Statutes of Limitation

       A statute of limitations limits the amount of time that a person or entity has to file a lawsuit.  After the statute of limitation is over there is nothing that a person can do to right a legal wrong that has been done to them.  There are many different statutes of limitation for different types of lawsuits.  Also, there are exceptions and sometimes unclear rules on when and how to calculate when a statute of limitation begins or ends.  Sometimes, there a statute of limitation can be paused under certain circumstances.

       The most important things for any person to know about statutes of limitation is that the rules are not always straightforward and no one should ever assume that they are either out of time or have plenty of time to file a lawsuit.

       There is not only one “statute of limitation”.  Rather, there are many different statutes of limitation for different cases and situations.  This, combined with the fact that there are times when statutes of limitation are paused or “tolled”, makes it difficult and dangerous for someone without legal training to decide for themselves if a lawsuit is too late to file or not.

       These are some of the most common statutes of limitation in Texas.  Be aware that there are others and that sometimes more than one statute of limitation might apply to a given situation.  Again, don’t look at the list and assume that there is plenty of time or none.  Talk to a lawyer.

  • Legal Malpractice: 2 years
  • Medical Malpractice: 2 years
  • Personal Injury: 2 years
  • Fraud: 4 years
  • Shareholder Lawsuit: 4 years
  • DTPA: 2 years
  • Libel: 1 year
  • Slander: 1 year
  • Personal Property Injury: 2 years
  • Product Liability: 2 years
  • Breach of Contract: 4 years
  • Tortuous Interference with Contract: 4 years
  • Specific Performance on Real Estate Contract: 4 years

       The clock on a statute of limitation starts from the date that the incident took place. For example, for a personal injury claim, this would be the date of the accident or, for a crime, the date that a crime was committed. Once these time limits have been reached then a lawsuit can no longer be filed or a person can no longer face prosecution. If statutes of limitation were not set, then many civil lawsuits or criminal proceedings may encounter unnecessary delays in completing the process.

       There are some circumstances when the time limitation period does not run, which include when the person accused is not in the state or after an individual has been indicted and the indictment is pending. In Texas, Article 12.01 et seq. of the Texas Code of Criminal Procedure states the statute of limitation for different circumstances.

Some statutes of limitation

       Statutes of limitation do not exist for murder, manslaughter, and some sexual crimes that involve children. The limitation period is ten years for certain theft cases that involve real estate, forgery, theft by public servants, injury to elderly or disabled people and sexual assaults that do not involve children.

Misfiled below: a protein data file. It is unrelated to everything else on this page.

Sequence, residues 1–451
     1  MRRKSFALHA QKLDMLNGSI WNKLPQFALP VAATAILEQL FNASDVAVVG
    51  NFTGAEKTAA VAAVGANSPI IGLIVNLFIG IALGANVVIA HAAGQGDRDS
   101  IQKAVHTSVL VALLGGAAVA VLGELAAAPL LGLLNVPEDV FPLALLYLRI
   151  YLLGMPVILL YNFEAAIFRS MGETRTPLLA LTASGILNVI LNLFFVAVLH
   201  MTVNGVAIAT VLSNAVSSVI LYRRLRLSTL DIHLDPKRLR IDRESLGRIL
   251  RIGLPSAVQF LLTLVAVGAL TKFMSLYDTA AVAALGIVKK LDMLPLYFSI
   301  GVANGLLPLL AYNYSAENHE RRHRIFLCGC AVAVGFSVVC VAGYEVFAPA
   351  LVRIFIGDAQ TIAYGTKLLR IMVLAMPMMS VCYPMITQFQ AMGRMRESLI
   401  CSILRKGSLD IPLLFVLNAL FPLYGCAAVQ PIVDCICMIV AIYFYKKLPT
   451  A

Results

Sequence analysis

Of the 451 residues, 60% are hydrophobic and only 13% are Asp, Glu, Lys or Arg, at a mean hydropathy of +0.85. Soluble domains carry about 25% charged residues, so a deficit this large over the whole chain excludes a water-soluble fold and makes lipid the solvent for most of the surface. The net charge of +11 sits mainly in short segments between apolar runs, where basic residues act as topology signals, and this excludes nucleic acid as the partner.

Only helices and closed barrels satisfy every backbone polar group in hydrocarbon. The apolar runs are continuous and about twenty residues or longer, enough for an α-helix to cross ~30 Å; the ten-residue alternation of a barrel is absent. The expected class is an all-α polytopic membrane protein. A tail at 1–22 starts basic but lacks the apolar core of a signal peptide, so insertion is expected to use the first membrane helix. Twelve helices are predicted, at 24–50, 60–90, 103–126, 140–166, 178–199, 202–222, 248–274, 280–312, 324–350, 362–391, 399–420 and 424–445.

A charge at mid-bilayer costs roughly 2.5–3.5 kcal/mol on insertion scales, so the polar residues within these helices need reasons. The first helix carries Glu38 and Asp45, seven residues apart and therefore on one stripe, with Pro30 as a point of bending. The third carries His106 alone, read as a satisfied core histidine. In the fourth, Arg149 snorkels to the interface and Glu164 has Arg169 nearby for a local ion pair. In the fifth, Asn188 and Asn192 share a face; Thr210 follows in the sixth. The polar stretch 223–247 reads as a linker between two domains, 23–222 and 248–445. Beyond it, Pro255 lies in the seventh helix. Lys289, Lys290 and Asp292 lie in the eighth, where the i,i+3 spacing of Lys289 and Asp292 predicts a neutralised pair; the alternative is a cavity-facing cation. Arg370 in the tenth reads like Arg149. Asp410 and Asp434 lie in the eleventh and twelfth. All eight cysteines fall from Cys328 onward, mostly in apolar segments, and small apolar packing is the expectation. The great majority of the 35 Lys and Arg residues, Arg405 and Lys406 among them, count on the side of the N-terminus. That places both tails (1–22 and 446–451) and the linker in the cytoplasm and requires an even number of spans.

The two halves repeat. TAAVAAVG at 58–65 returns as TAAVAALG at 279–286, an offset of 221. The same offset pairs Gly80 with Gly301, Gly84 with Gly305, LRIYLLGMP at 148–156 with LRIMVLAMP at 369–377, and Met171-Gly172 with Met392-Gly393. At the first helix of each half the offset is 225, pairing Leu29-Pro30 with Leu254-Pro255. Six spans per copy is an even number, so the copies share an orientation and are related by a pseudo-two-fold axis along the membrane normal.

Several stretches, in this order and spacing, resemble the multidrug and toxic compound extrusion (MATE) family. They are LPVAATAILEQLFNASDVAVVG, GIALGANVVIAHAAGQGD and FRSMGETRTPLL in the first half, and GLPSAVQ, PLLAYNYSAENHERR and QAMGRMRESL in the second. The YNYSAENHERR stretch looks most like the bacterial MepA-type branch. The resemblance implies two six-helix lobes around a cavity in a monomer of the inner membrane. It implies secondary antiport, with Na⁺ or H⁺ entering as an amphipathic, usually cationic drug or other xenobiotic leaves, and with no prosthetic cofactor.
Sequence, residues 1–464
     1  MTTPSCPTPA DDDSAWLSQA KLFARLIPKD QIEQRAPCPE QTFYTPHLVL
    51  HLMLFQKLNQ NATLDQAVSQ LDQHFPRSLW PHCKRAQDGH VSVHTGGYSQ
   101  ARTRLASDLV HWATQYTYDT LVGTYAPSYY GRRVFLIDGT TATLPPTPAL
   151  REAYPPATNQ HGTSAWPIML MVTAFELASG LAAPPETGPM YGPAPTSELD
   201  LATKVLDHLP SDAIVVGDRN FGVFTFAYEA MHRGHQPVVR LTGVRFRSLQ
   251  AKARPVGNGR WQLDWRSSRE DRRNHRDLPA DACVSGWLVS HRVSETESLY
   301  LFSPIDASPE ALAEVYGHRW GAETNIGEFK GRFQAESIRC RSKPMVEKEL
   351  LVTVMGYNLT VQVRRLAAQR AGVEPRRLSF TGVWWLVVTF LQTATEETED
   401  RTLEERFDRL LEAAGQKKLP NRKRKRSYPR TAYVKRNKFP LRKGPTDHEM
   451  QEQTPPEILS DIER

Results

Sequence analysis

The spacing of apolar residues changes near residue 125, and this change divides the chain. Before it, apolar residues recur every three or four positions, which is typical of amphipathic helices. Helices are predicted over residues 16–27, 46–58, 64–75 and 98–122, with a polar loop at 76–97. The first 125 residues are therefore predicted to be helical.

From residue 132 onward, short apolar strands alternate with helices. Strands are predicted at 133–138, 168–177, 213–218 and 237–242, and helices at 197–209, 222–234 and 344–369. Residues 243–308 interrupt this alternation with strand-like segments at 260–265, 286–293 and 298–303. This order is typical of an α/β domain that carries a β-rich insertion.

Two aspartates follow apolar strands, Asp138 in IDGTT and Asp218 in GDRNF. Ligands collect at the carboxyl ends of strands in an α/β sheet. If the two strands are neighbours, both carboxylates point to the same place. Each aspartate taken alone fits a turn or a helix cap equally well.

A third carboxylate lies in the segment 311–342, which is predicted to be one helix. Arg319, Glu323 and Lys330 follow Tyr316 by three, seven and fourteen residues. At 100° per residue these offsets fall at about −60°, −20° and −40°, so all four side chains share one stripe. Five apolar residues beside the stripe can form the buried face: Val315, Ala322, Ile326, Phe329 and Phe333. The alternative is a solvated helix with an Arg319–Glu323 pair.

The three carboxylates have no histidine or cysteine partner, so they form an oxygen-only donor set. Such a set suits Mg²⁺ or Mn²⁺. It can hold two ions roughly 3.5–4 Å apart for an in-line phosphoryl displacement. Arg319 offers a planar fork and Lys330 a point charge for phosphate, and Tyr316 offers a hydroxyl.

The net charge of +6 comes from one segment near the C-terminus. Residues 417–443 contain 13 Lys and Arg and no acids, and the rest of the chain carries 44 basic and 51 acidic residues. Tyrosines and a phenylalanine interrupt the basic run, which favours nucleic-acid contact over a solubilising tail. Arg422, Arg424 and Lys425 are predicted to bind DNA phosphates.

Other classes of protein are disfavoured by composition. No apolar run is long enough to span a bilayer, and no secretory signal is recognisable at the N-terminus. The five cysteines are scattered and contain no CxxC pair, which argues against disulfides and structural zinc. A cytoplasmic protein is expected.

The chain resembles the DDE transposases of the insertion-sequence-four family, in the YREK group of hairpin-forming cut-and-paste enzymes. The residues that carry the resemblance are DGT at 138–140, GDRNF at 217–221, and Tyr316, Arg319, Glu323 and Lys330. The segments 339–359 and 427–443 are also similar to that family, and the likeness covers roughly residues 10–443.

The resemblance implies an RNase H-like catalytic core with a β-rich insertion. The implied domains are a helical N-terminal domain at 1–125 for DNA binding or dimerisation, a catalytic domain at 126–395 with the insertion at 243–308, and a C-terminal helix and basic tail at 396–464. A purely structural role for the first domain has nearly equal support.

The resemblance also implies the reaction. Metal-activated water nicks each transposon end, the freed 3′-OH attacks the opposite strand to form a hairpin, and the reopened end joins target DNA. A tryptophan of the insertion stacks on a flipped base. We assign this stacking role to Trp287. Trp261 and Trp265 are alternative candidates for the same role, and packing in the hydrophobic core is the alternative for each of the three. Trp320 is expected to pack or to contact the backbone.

The statute of limitation is seven years for the misapplication of fiduciary property, identity theft and using fraud to gain government documents. Robbery, burglary, kidnapping and some theft charges have a limitation period of five years and other felonies three years. Misdemeanors have a limitation period of two years.

       The statute of limitation set for a personal injury case provides two years from the date of the injury to file a lawsuit through the Texas civil court system. This includes defective products, vehicle accidents, medical malpractice, prescription errors and slips and falls as well as many other circumstances when an accident was not the victim’s fault.

       If you are seeking information on a civil statute of limitation in a specific circumstance it can be found in Title 2, Subtitle B, Chapter 16 of the Texas Civil Practice and Remedies Code.

Statutes of limitation can be difficult to understand

       It is not easy to understand statutes of limitation and the time limits vary significantly depending on the situation. The only way you can be sure that you know what affects you is by seeking advice from a lawyer who will have the relevant information available. If you are wondering why the prosecutor is taking so long to indict you then it may be possible to avoid prosecution if the statute of limitation has expired. A lawyer is the only person who will know and understand your specific situation. You may have been seriously injured in a car accident but have not been in the situation to assess your entitlement to file a compensation claim. First, you will have to know if you are still entitled under the statute of limitation to file such a claim.

       If you wish to know more about the statute of limitation you should contact Foster & Foster or another lawfirm that has a solid reputation in your community.  Contacting an attorney should be done without any unnecessary delay to avoid the expiration of a statute of limitation.